What's interesting is in, at least in the world of arousal this is the one category I've ever found where woman don't really talk to their friends about this. I'm not talking about college age woman because every time I have this conversation they say well we're talking about it. Our target was women 35-plus in committed relationships who had noticed that something had changed, in their response, in their feeling, in their desire.
So this is one of the few categories where they're not talking to their cousins. They're not talking to their sisters. They're not talking to their friends. Only three to five percent of obstetricians and gynecologists would bring this up. They'll talk about sexual health, they'll talk about disease, they'll talk about infertility, they'll talk about birth control but they rarely start conversations where how are you enjoying your sex life? Is it satisfying?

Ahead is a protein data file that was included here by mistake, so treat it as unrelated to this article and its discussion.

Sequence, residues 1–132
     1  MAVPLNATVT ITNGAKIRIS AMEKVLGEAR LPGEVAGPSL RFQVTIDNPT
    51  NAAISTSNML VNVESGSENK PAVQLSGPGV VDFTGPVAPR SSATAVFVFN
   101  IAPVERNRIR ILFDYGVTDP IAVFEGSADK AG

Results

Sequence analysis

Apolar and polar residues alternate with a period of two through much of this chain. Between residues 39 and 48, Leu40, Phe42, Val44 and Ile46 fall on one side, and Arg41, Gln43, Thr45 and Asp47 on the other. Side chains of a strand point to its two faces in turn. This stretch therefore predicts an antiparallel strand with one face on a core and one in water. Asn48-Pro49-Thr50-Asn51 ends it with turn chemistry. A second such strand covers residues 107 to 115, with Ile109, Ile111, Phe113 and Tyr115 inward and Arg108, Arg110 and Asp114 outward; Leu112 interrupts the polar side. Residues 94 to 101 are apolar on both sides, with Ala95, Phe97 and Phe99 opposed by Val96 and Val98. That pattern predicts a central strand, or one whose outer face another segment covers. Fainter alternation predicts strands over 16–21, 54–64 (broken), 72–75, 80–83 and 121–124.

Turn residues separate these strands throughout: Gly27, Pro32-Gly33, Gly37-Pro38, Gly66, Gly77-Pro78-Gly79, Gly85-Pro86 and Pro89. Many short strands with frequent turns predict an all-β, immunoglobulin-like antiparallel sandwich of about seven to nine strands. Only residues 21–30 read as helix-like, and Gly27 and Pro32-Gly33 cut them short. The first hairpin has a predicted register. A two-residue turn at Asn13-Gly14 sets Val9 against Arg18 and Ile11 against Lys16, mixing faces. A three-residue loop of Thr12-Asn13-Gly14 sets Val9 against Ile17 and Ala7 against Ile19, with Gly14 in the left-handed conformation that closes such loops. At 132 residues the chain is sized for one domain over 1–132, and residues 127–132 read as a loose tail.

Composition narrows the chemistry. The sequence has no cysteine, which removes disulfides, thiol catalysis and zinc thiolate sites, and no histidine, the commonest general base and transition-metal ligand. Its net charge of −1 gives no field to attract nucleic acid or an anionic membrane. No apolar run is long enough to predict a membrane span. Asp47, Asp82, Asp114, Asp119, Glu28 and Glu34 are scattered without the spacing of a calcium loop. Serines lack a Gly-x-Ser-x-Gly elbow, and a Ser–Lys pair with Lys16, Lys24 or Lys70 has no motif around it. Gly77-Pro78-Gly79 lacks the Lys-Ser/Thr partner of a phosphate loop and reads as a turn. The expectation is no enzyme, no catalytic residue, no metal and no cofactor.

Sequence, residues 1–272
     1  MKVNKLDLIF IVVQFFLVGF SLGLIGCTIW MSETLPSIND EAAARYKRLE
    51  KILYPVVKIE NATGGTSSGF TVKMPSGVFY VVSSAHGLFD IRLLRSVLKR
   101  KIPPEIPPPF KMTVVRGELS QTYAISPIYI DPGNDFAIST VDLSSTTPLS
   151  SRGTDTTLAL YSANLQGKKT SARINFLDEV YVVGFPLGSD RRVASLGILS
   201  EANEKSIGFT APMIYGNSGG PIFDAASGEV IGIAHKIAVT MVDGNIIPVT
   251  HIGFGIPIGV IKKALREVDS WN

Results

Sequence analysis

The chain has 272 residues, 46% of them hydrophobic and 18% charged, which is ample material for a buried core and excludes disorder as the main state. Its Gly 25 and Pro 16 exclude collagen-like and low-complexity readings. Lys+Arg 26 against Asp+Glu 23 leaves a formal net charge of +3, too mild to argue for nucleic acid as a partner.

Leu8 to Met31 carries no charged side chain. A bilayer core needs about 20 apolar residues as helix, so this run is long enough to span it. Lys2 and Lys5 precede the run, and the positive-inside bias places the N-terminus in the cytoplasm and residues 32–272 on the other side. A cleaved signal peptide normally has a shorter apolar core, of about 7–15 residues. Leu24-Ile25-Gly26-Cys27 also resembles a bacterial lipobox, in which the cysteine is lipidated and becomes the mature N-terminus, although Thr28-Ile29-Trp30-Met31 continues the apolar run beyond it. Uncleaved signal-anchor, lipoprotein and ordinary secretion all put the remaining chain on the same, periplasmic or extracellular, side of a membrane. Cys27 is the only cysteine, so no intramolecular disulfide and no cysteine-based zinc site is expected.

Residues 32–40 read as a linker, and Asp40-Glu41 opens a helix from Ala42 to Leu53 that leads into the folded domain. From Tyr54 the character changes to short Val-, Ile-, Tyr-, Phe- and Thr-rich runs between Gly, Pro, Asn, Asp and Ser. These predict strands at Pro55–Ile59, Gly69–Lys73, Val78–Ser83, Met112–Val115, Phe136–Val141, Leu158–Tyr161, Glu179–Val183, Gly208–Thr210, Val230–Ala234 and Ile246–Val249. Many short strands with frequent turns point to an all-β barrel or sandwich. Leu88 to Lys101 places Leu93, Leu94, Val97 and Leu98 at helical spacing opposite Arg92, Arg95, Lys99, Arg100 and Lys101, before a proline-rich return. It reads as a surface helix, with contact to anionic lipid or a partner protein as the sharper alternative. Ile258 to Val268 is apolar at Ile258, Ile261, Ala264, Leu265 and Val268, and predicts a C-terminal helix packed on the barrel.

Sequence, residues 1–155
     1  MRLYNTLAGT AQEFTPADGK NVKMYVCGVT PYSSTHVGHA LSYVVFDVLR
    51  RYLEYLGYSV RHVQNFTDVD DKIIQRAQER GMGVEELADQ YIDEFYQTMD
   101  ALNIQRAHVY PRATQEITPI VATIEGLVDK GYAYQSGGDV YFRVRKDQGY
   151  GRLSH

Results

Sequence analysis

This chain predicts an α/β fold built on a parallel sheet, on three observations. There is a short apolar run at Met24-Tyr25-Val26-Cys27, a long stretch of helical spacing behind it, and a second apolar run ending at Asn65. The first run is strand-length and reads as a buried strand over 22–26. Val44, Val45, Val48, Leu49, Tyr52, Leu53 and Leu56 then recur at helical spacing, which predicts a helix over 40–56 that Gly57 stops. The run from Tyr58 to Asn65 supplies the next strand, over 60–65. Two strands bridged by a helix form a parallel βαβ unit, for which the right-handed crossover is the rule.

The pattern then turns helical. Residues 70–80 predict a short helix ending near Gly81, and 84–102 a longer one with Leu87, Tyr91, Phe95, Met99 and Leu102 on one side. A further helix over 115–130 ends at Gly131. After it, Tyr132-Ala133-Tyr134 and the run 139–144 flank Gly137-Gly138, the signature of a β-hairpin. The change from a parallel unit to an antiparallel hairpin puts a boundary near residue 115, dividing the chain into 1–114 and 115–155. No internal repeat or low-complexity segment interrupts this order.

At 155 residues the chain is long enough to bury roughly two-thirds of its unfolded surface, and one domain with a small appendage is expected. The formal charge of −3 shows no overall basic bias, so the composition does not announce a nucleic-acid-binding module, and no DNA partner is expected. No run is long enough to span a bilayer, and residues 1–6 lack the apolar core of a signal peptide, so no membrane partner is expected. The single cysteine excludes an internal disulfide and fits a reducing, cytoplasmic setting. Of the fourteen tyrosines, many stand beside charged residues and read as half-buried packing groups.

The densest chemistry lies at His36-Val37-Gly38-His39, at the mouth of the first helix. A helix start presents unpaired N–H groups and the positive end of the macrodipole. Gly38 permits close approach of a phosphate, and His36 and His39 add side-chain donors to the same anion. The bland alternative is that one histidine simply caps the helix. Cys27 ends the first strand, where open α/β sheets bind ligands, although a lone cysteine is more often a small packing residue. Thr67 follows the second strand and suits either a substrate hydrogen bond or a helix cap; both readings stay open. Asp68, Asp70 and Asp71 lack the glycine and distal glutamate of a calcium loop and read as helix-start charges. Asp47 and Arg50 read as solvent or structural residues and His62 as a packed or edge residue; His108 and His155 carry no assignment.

Melinda Wittstock: So part of what you're doing is making it okay for woman to talk about this but also for the market to … It's a massive addressable market but you don't know it's a massive addressable market if people aren't talking about it.
Rachel Braun Scherl: Well thankfully there are a number of brilliant entrepreneurs who are starting businesses in various parts of female health and trying as I say to make the world safe: To talk about menstruation; To talk about infertility: To talk about arousal. So there are a lot of people now on this team but it is an uphill battle to make people comfortable. When you think about being a person going into this somewhat daunting environment where you're the entrepreneur facing what looks like a sea of venture capitalists, you don't need another hurdle that they're uncomfortable with the category or that they don't know the language. We had some amazing experiences doing this.
So we had over a period of two days 13 meetings with different venture capital funds in Silicone Valley. For those people who have never been there, my first experience of raising money although I have-
Melinda Wittstock: So you were going up and down the sand hill road?